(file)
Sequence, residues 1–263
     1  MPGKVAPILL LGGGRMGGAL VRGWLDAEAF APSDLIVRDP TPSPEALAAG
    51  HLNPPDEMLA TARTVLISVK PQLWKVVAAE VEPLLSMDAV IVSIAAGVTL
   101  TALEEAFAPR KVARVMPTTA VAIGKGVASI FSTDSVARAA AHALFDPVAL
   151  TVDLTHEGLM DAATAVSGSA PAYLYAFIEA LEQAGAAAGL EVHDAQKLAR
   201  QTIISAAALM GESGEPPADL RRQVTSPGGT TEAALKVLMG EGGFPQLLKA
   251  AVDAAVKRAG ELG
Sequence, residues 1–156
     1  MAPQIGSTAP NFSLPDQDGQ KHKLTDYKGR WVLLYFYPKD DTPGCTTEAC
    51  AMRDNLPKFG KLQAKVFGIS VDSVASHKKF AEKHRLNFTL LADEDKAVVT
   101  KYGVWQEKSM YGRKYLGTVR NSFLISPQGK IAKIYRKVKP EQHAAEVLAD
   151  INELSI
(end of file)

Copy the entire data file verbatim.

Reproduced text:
Sequence, residues 1–263
     1  MPGKVAPILL LGGGRMGGAL VRGWLDAEAF APSDLIVRDP TPSPEALAAG
    51  HLNPPDEMLA TARTVLISVK PQLWKVVAAE VEPLLSMDAV IVSIAAGVTL
   101  TALEEAFAPR KVARVMPTTA VAIGKGVASI FSTDSVARAA AHALFDPVAL
   151  TVDLTHEGLM DAATAVSGSA PAYLYAFIEA LEQAGAAAGL EVHDAQKLAR
   201  QTIISAAALM GESGEPPADL RRQVTSPGGT TEAALKVLMG EGGFPQLLKA
   251  AVDAAVKRAG ELG
Sequence, residues 1–156
     1  MAPQIGSTAP NFSLPDQDGQ KHKLTDYKGR WVLLYFYPKD DTPGCTTEAC
    51  AMRDNLPKFG KLQAKVFGIS VDSVASHKKF AEKHRLNFTL LADEDKAVVT
   101  KYGVWQEKSM YGRKYLGTVR NSFLISPQGK IAKIYRKVKP EQHAAEVLAD
   151  INELSI